The first decade of the 21st century has already produced three superb vintages – 2000, 2005 and 2009, so perhaps it was understandable that the Bordelais, not normally reticent in proclaiming ‘vintages of the century’, remained unusually quiet about the potential of 2010. However, after the wines had been presented to the world at the annual tastings held at the beginning of April, it was clear that many exceptional wines had been made. So we now have wonderful back to back vintages in 2009 and 2010, although they are very different in character.
Both vintages have produced very concentrated, powerful wines with high levels of alcohol, but the difference is that the 2010 wines have much higher levels of acidity which give them alluring freshness as well as helping to disguise the high alcoholic degree. As ever, the character of the vintage is determined by the weather and 2010 was a year of extreme conditions, dominated by drought. A cold winter was responsible for the late development of the vine’s annual cycle which was then exacerbated by alternate hot and cold spells in the Spring, the all important time of flowering. The summer was characterised by heat and drought, the heat rarely excessive but rainfall in July and August was less than a third of the average. August was cooler than July and this helped to maintain the fresh acidity in the grapes, created by their concentration as a result of dehydration. This is undoubtedly the salient feature of the vintage – vibrant was a term consistently occurring in my tasting notes! Harvesting of the Merlots generally took place in perfect dry, sunny conditions during the last two weeks of September and the Cabernets in cooler, but still dry and fine weather during the first three weeks of October.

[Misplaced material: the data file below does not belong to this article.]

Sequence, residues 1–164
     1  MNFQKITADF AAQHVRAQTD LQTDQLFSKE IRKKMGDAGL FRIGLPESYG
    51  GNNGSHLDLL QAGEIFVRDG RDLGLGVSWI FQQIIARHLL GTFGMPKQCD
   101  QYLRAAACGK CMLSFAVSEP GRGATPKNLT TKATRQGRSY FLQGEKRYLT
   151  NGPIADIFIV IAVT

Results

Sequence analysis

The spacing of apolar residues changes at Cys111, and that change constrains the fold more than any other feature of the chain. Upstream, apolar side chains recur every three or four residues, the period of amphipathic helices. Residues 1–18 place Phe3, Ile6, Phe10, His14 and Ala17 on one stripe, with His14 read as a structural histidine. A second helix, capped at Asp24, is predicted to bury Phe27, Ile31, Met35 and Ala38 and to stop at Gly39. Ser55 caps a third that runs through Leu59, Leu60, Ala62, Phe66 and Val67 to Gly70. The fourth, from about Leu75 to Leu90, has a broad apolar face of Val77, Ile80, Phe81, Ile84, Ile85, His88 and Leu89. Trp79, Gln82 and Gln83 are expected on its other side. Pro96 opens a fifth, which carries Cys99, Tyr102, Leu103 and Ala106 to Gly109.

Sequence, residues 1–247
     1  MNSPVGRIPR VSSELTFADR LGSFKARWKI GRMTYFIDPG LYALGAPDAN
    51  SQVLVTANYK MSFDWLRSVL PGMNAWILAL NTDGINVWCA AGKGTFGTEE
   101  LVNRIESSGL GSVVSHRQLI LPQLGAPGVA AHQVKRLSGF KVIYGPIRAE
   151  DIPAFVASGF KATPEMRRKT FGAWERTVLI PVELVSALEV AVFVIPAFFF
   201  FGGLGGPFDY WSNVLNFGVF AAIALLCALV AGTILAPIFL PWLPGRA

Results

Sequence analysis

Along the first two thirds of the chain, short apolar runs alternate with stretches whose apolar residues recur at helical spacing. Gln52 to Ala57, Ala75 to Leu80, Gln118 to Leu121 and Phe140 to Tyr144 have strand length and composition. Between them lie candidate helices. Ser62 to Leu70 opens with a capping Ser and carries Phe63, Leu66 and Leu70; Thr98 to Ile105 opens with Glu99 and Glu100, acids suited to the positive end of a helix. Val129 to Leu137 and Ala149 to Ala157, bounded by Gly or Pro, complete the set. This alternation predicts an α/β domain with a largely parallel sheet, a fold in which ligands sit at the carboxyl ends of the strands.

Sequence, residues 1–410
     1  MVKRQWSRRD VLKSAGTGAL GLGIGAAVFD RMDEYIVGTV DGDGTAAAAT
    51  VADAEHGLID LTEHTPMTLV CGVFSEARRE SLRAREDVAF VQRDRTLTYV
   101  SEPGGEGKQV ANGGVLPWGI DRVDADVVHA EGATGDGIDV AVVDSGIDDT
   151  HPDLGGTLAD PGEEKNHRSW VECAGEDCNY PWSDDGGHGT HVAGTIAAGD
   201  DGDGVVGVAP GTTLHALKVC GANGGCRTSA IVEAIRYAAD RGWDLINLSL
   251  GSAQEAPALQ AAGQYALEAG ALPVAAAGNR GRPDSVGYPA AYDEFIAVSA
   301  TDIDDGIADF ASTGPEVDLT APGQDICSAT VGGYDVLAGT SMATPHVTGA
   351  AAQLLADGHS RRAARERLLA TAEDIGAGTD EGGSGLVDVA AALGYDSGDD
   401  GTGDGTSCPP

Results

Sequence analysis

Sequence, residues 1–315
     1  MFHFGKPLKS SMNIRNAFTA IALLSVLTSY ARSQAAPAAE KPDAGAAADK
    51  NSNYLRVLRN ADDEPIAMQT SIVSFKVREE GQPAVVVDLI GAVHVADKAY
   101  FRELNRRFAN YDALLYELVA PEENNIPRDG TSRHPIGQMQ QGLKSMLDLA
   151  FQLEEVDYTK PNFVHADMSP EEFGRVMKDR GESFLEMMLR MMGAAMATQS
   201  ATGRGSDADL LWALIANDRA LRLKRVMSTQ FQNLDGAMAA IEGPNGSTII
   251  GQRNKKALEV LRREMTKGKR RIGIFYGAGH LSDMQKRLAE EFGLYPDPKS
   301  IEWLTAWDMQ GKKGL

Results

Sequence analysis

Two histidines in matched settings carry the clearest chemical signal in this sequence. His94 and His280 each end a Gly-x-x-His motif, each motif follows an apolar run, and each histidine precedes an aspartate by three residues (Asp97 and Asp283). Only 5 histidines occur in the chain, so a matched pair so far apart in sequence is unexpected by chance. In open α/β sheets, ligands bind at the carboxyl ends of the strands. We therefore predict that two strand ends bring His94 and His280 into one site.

The potential tannin levels as a result of the hydric stress to which the vines had been subjected were enormous and very careful extraction was required; the tendency of some producers in St Emilion to over-extract their wines may account for my finding less stars there than elsewhere in the region. Despite having similarly high levels of alcohol as 2009, the vintage has more in common with 2005 and 2000. The Cabernets are particularly successful but the Merlots, despite their very high alcohol levels, have produced some outstanding wines in Pomerol.
The lower yields resulting from the drought conditions, generally down by 10% to 30%, will doubtless mean higher prices and smaller allocations. Add to this the poor exchange rate of the £ and $ to the euro and the wines will look expensive. Should one buy the wine? Certainly it’s a great vintage but if one looks at the prices of the much hyped 2009 wines, most are now at the same price as when they were first offered a year ago.
Stars of the vintage:
Latour, Lafite Rothschild, Pontet Canet, Leoville Las Cases, Margaux, La Mission Haut-Brion, Cheval Blanc, Petrus
Bargains of the vintage?
Ormes de Pez, Grand Puy Ducasse, Haut Batailley, Gloria, Moulin Riche, Marquis de Terme, Berliquet
Click here for a more detailed look at the individual wines of the 2010 Vintage in Bordeaux